The clan of 10 takes the stage again tonight for the third GOP debate, this time in Colorado.
Republican presidential hopefuls will square off in what is expected to be, at the very least, an entertaining debate if it shakes out like the others. CNBC is hosting the debate and perhaps reaping the benefits of doing so, as they’re likely going to garner a large viewership. Fox News and CNN, the last two hosts, boasted strong ratings.
Donald Trump, Ben Carson, Marco Rubio, Jeb Bush, Carly Fiorina, Ted Cruz, Mike Huckabee, Chris Christie, John Kasich, and Rand Paul will participate in the two-hour debate, beginning at 8 p.m. Those without an average of 3 percent in a specified group of national polls were pushed to the undercard debate at 6 p.m., which includes Rick Santorum, George Pataki, Lindsey Graham, and Bobby Jindal.
The outlook for the prime-time debate promises to be more substantive than the others. Whether or not that will hold true remains to be seen. (Already Trump has blasted the debate, saying it’ll be “unfair.”) CNBC’s Carl Quintanilla, Becky Quick, and John Harwood will deliver questions focused on the economy, an expected move on a channel dedicated to covering business. The focus will provide candidates the opportunity to speak specifically on policy, something viewers haven’t seen much of from the Republicans as of yet.
Among those that could benefit from such a focus are Bush, Fiorina, and Trump. Bush, for one, has frequently talked about strengthening Florida’s economy during his tenure as governor and his goal to grow the national economy by 4 percent a year. Meanwhile, Trump recently released a tax plan—which included a tax cut—although it was criticized by both the left and the right. “It’s going to cost me a fortune,” he declared. And then there’s Fiorina, the former Hewlett-Packard chief executive, who will likely resort to her extensive business experience. While Fiorina will be able to reference her business knowledge, she’s also working to gain a strong footing that has been lost since the last debates.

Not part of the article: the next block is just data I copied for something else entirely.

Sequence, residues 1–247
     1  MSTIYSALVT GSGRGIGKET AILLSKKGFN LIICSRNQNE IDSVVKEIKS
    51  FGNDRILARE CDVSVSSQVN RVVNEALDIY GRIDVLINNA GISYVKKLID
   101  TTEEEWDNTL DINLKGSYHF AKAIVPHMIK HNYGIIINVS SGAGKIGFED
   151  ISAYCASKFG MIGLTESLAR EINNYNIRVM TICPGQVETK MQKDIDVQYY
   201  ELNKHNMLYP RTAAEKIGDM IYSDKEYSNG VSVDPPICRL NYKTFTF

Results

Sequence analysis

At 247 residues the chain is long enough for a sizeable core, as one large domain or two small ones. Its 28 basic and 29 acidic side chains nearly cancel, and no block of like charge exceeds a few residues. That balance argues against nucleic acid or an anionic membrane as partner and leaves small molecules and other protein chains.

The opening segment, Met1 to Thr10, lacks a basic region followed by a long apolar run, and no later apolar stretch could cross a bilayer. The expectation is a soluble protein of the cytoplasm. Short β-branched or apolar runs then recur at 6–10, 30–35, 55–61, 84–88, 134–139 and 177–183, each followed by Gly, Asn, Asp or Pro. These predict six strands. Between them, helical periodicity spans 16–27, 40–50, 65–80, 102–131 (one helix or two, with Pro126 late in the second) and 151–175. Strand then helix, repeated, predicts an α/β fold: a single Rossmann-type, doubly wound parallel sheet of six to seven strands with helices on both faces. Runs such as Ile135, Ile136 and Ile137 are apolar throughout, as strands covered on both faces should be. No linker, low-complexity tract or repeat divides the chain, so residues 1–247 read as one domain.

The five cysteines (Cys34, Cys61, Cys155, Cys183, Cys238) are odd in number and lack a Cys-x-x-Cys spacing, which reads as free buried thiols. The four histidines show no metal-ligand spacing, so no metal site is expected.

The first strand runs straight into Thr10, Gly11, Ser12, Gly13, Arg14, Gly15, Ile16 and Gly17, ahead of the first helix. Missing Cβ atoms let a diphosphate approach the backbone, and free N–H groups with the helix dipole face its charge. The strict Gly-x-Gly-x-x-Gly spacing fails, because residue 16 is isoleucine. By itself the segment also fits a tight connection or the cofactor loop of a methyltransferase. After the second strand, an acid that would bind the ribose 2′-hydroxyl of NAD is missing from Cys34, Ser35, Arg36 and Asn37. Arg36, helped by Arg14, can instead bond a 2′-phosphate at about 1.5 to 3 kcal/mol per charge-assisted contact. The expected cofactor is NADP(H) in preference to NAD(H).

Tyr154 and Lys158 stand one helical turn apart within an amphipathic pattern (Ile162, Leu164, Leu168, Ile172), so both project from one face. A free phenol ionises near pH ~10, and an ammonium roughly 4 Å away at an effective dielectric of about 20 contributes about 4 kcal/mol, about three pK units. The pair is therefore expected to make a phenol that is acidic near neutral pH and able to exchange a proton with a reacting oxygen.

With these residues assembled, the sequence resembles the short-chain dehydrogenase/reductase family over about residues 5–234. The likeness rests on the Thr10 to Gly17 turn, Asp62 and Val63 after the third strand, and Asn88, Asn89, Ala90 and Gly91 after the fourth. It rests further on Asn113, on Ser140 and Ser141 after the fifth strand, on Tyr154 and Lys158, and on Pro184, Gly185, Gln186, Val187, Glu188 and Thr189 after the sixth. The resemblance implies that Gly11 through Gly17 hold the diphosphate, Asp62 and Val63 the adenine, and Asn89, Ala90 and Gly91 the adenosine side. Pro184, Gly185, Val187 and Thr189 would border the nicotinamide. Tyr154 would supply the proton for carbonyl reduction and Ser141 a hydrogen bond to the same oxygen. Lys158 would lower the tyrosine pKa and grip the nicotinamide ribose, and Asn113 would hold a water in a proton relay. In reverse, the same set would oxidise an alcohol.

But what Fiorina does have working in her favor is that she’s an outsider. Candidates with no record in Washington, including Trump and Carson, are surging in the polls, leaving establishment candidates like Bush and Rubio trailing behind. And they’ll likely do their best to turn that tide tonight.
The resounding difference between this debate and the others is that Trump has fallen in some polls, giving headway to Carson. During the CNN debate, the two seemed happy, friendly. That may not be the case this time. Trump has already recycled a criticism usually used toward Bush, calling Carson “low energy.”
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